September 27, 2011

HARRISBURG- The Pennsylvania Senate Judiciary Committee today passed legislation to drastically expand state law to collect DNA from people charged with but not convicted of crimes. Under current law, the state collects DNA from all persons convicted of a felony, but Senate Bill 775 would expand that collection to all persons charged with a felony and some misdemeanors.

The committee's vote drew criticism from the American Civil Liberties Union of Pennsylvania.

"So much for innocent until proven guilty," said Andy Hoover, legislative director of the ACLU of Pennsylvania. "People who are not convicted of crimes are innocent under the law. Without a court order, the government has no right to take their DNA. But this bill bypasses the court altogether.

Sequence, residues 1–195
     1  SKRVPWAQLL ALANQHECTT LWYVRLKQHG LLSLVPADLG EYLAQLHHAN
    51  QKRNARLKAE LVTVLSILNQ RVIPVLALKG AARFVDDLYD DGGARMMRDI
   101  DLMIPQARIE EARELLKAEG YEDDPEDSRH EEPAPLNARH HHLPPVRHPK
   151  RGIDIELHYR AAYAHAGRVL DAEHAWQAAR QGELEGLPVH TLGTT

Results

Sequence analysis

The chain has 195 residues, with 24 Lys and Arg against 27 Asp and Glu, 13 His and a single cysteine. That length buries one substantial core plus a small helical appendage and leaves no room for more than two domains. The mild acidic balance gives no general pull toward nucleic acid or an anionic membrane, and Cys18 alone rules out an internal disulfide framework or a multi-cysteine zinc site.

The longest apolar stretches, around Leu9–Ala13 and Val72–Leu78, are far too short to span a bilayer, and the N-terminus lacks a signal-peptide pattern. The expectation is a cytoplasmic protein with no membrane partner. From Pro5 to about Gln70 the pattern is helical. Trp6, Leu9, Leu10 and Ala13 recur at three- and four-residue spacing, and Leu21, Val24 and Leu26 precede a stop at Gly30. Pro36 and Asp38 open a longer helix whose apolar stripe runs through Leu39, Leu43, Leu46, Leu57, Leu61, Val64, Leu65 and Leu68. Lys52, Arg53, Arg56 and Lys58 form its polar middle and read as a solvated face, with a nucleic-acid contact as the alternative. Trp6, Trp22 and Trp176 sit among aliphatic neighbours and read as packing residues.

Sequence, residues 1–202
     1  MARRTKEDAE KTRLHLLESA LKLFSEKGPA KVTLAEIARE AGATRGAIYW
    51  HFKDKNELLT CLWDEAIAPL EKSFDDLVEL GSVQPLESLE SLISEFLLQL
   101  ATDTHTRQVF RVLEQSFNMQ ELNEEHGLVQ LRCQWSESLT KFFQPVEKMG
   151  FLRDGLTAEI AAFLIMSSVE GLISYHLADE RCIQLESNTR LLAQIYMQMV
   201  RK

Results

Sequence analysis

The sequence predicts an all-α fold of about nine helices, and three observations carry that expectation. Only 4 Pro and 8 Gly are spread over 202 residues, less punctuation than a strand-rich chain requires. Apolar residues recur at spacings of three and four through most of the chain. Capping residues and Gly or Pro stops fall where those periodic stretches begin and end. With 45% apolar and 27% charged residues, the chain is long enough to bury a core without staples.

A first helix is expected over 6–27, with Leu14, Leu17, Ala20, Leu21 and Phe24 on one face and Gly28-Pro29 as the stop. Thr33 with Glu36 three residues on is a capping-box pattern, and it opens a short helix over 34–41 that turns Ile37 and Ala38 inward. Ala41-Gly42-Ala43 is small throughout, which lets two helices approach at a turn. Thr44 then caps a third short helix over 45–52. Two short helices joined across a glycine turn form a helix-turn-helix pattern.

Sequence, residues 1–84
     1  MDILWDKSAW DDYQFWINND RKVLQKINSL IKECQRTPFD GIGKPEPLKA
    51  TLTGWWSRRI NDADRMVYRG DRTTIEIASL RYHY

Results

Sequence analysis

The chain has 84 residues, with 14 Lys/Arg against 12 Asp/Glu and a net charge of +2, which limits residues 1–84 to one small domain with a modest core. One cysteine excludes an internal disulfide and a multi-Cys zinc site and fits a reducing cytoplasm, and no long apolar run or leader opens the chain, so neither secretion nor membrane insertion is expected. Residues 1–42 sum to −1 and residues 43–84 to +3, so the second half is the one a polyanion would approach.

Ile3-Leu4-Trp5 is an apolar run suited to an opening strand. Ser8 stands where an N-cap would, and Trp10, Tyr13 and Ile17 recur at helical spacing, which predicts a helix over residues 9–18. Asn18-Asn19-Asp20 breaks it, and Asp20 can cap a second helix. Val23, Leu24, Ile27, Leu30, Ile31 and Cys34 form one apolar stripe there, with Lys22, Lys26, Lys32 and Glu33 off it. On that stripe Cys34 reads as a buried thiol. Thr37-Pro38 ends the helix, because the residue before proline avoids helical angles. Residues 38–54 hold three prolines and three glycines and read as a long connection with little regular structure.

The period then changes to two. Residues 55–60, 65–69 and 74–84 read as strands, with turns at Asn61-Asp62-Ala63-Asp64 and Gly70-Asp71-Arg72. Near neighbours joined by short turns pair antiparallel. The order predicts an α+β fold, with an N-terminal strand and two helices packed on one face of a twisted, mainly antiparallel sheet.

"This legislature has shown a penchant for passing new big government programs, so this is merely par for the course."

In March, Pennsylvania State Police Commissioner Frank Noonan told a Senate committee that SB 775 would cost PSP $13 million in new spending and increase their caseload by 400 percent. Hoover noted that police were delayed in solving a serial killer case in Philadelphia last year due to current backlogs in DNA testing.

"Police had a DNA sample from the alleged perpetrator, Antonio Rodriguez, in hand after the second victim was killed because Rodriguez had previously been convicted of a felony," Hoover said. "But he allegedly killed a third victim before the DNA was tested. If SB 775 had been in effect at the time, how many more people would have died?"

SB 775 now heads to the Senate floor for consideration.